Tower-top amplifiers and noise figure (Part 2 of 2)
Part 2 of 2
Last month in Tech Speak, we introduced the concept of noise figure and calculated the noise figure improvement created by a tower-top amplifier in a system limited by receiver thermal noise. This month, we examine the case where a tower-top amplifier must operate in the presence of external interference as well as thermal noise.
Let’s consider the same hypothetical example as last month: a five-channel 800 MHz trunked radio system operating in the NPSPAC band (821 MHz to 824 MHz, 866 MHz to 869 MHz). The receive antenna is located on a tower 350 feet above ground, and there is a 50-foot coaxial cable that runs from the tower to the repeater. The existing system does not employ a tower-top amplifier (TTA), and the system manager wants to know if a TTA will improve the talk-back range. Figure 1 shows the block diagrams for the existing and proposed systems.
Note that the gain in the receiver multicoupler amplifier is 18 dB in the original system and 9 dB with the TTA. This gain reduction is necessary to reduce the chance of receiver overload and receiver intermodulation. As we noted last month, the net gain with the TTA is still higher than the original system (15.3 dB versus 6.3 dB) and therefore the system with the TTA is more vulnerable to receiver overload and receiver intermodulation.
We also showed last month that by applying Equation 1 to the two configurations shown in Figure 1, we find that the composite noise figure without the TTA is 7.4 dB, and the composite noise figure with the TTA is 3.8 dB. In other words, the noise figure and hence receiver sensitivity are improved by a factor of 3.6 dB [7.4 dB – 3.8 dB] in the absence of interference.
Now let’s consider the effect of interference. Our objective is to measure or deduce the interference power at the repeater site, compute the C/(I+N) with and without the TTA, and thereby quantify the improvement offered by the amplifier.
Rather than measure the interference power directly, we choose to measure the effect of the interference on receiver sensitivity. We will measure three receivers and average the results. The figure-of-merit is 12 dB SINAD, and two measurements are taken for each receiver, one with the receiver terminated in a 50 Ohm load and one with the receiver connected to the receive antenna on the tower. The test configuration is shown in Figure 2, with the results listed in Table 1 (below).
Now let’s make the simplifying assumption that interference has the same effect on SINAD as thermal noise. Let N = thermal noise power and I = interference power. From Table 1, we found that the introduction of external interference decreased the C(I+N) by a factor of 4 (6 dB). Therefore, (I + N)/N = 4.0 and I = 3N. In other words, the interference power at the receiver front-end is a factor of 3 (4.8 dB) stronger than the thermal noise power in the receiver when no tower-top amplifier is used.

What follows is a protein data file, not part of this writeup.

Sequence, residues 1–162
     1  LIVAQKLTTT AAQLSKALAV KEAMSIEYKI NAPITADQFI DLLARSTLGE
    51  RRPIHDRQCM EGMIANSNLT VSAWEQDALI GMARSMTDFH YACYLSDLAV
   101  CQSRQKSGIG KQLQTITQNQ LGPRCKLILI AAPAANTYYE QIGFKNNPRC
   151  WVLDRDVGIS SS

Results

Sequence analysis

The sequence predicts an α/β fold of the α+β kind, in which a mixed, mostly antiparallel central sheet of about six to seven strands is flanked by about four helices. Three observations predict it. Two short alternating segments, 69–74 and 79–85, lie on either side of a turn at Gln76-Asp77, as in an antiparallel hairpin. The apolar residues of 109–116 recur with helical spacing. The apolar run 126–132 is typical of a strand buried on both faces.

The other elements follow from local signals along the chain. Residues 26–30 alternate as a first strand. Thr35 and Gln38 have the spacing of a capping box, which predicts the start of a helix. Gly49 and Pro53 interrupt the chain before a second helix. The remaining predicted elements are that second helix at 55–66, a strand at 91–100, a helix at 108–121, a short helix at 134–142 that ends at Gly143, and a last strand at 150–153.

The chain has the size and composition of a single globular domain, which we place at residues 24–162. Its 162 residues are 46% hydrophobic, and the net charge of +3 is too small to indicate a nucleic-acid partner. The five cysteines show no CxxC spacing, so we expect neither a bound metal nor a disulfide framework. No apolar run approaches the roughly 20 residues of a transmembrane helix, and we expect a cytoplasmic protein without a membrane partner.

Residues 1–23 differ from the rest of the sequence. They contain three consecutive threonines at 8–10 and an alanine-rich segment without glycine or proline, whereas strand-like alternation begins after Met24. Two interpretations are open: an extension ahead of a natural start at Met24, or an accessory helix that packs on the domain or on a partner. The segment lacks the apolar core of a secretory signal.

Now, if we add the TTA to this system, we know the C/N will be improved by 3.6 dB, but how much will the C/(I+N) be improved? Remember that the TTA amplifies the carrier and the interference equally, so the C/I is constant through the system. Also, recall that the composite noise figure is 3.8 dB, and the noise figure of the receiver is 6 dB.
Thus, there is a net reduction in thermal noise (relative to the carrier) of 6.0 – 3.8 = 2.2 dB. In other words, the thermal noise power in the receiver, relative to the carrier, is 60% of the original. (The actual noise power is higher than the original noise power because of amplification, but we are only concerned about the noise power relative to the carrier.) We want the sum of the interference power and the noise power in the receiver. We can calculate it in terms of the original thermal noise power, N, as
I + N = 3N + 0.60N = 3.6N
versus I + N = 4N for the original system. In decibels, the improvement in sensitivity is 10log10(4.0/3.6) = 0.46 dB. Thus, the performance benefit of the TTA is reduced from a theoretical best case of 3.6 dB to only 0.46 dB because interference is present.
The editor limits this column to 1200 words, so I will leave it as a homework assignment to show that for an interference desense of a and a TTA noise figure improvement relative to the receiver of b, the C/(I+N) improvement is simply a/(a+ 1/b – 1).
In general, compute the potential TTA improvement as follows:
Step 1: Measure the desense caused by external interference, a.
Step 2: Compute the composite noise figure of the prospective TTA system.
Step 3: Compute the ratio of the receiver NF to the composite TTA NF, b.
Step 4: Improvement = IMP = a/(a + 1/b – 1), with a > 1 and b > 1.
Step 5: Convert to dB; IMP = 10log10(IMP) dB.
Table 2 (below) lists the TTA improvement factors for some typical values of interference desense, a, and noise figure improvement relative to the receiver, b.
It should be clear from Table 2 that a TTA is not always the magic bullet. If interference is strong relative to the thermal noise floor, the TTA will offer little improvement in receiver sensitivity.
Before giving up on the tower-top amplifier, the system manager should determine whether the interference originates offsite or locally. If the interference is local (co-site interference), it should be isolated and corrected so the TTA can do its intended job. If the interference originates offsite, there may be no recourse.
Jay Jacobsmeyer is president of Pericle Communications Co., a consulting engineering firm located in Colorado Springs, Colo. He holds a bachelor’s and master’s degree in electrical engineering from Virginia Tech and Cornell University, respectively, and has more than 20 years experience as a radio frequency engineer.
|Channel||Frequency (MHz)||12 dB SINAD Terminated (dBm)||12 dB SINAD Over-the-Air (dBm)||Desense (dB)|
|Noise Figure Improvement Relative to Receiver Noise Figure = b (dB)|
|Desense = a (dB)||1||2||3||4||5||6|